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ERIC Number: ED532354
Record Type: Non-Journal
Publication Date: 2012-Jul
Pages: 18
Abstractor: As Provided
Reference Count: 70
Training in Influencing Skills from Neuro-Linguistic Programming (Modelled from Hypnosis and Family Therapy), in Combination with Innovative Maths Pedagogy, Raises Maths Attainment in Adult Numeracy Learners
Allan, F.; Bourne, J.; Bouch, D.; Churches, R.; Dennison, J.; Evans, J.; Fowler, J.; Jeffers, A.; Prior, E.; Rhodes, L.
Online Submission, Paper presented at the International NLP Research Conference (3rd, Hertfordshire, United Kingdom, Jul 6-7, 2012)
Case study research suggests that NLP [neuro-linguistic programming] influencing strategies benefit teacher effectiveness. Maths pedagogy involving higher-order questioning, challenge, problem solving and collaborative working may be a way of improving attainment in adult numeracy learning, however, such strategies may be less effective if the relationship between teacher and learner does not reflect sensitivity to attitudes, beliefs and emotions (areas in which advocates of NLP claim effectiveness). The present study investigated these claims and the combined effect of such approaches using a pre- and post-treatment test design with 173 adult numeracy learners. Teachers were randomly allocated to three conditions, these were: (1) teachers given no training (control condition); (2) teachers trained in innovative maths pedagogy (including more frequent higher-order questioning, challenge, problem solving and collaborative learning); and (3) teachers trained in both NLP and the innovative maths pedagogy. NLP training included suggestion using language patterns modelled from hypnosis, body language modelled from family therapy and spatial anchoring for emotional state management. A significant within-subject mean difference in maths test scores for the innovative maths pedagogy group (MD = 10.97, t(66) = 7.292, less than 0.0005, eta[superscript 2] = 0.446) was nearly twice that of the control (MD = 5.67, t(42) = 3.099, p = 0.003, eta[superscript 2] = 0.186). Although an attainment gap between pre- and post- treatment scores for the innovative treatment group alone (without NLP) appeared to close over time post hoc between-group contrasts indicated differences between pre- and post-treatment means were not statistically significant (p = 0.404 and p = 0.689, respectively). However, with the addition of NLP training, post hoc contrasts showed mean maths attainment had significantly improved compared to the control (p = 0.040) with mean difference, pre- and post-treatment attainment, increased to over three times that of the control (MD = 18.35, t(62) = 9.552, less than 0.0005, eta[superscript 2] = 0.595). CfBT Education Trust carried out this research with funding from the Learning and Skills Improvement Service. (Contains 2 endnotes, 3 tables, and 2 figures.) [Funding for this research was provided by the Learning and Skills Improvement Service.]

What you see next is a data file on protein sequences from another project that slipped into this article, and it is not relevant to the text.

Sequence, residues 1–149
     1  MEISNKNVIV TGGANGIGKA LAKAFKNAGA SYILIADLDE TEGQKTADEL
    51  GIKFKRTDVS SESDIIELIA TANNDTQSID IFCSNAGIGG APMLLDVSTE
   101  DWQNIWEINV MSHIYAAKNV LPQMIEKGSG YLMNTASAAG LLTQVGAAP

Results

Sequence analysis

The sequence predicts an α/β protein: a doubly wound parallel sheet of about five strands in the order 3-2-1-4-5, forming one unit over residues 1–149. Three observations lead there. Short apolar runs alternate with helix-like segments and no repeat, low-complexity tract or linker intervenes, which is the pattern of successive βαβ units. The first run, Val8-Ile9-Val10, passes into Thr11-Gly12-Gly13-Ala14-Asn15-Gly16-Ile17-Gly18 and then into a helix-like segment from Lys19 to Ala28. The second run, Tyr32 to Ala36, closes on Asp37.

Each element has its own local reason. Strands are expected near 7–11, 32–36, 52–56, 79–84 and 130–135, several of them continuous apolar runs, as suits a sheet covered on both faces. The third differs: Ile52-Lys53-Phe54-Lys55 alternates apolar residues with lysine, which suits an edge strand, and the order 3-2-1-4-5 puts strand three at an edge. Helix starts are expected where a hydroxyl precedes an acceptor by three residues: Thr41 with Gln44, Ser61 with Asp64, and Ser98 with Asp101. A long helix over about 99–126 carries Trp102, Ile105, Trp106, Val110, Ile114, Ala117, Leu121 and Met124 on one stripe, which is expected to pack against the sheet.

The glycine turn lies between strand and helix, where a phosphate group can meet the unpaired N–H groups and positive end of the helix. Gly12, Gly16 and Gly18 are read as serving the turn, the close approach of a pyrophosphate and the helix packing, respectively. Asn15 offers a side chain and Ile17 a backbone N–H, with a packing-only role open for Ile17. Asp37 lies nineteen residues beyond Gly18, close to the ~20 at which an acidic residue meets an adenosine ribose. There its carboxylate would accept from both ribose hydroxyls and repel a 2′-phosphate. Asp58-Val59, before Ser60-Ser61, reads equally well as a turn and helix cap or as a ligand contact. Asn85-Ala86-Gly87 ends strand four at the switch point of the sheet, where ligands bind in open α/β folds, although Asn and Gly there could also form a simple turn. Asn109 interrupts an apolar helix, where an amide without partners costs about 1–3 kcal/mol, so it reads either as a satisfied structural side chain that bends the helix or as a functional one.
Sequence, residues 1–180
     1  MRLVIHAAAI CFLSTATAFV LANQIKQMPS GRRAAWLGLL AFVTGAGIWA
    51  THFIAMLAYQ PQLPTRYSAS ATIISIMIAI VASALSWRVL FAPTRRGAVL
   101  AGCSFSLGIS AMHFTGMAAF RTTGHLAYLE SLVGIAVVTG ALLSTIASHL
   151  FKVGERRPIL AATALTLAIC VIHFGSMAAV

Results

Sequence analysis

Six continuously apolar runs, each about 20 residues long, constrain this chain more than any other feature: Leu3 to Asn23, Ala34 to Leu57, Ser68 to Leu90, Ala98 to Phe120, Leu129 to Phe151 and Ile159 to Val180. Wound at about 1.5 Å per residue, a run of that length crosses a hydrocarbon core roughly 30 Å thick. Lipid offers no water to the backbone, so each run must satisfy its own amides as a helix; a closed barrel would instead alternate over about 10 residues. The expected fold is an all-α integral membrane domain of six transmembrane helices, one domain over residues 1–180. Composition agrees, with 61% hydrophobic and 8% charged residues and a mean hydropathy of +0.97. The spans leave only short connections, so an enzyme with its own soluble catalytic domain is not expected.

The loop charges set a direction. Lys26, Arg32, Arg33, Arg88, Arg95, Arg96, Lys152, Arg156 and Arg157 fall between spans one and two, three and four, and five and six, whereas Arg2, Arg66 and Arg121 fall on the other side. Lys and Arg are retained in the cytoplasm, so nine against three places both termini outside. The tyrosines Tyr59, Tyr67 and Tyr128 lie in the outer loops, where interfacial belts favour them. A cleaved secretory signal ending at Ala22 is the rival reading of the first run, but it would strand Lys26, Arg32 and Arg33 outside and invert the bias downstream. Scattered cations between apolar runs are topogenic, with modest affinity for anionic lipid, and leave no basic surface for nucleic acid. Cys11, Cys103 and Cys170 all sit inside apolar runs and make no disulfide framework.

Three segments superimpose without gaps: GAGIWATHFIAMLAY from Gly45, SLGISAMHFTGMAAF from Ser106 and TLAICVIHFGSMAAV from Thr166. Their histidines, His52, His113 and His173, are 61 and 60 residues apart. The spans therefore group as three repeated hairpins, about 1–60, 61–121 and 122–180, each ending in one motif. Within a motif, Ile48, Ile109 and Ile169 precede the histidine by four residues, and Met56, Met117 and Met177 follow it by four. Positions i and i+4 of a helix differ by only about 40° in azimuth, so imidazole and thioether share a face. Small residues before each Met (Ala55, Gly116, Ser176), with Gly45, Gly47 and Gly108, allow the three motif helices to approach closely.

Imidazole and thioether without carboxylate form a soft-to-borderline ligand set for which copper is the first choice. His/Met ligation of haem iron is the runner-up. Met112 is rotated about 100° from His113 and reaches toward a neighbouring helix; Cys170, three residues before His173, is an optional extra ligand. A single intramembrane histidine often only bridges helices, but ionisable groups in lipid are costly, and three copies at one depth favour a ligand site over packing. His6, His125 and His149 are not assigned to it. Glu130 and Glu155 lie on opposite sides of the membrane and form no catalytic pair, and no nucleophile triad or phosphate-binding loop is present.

Publication Type: Reports - Research; Speeches/Meeting Papers
Education Level: Adult Education
Audience: N/A
Language: English
Sponsor: N/A
Authoring Institution: N/A
Identifiers - Location: United Kingdom (England)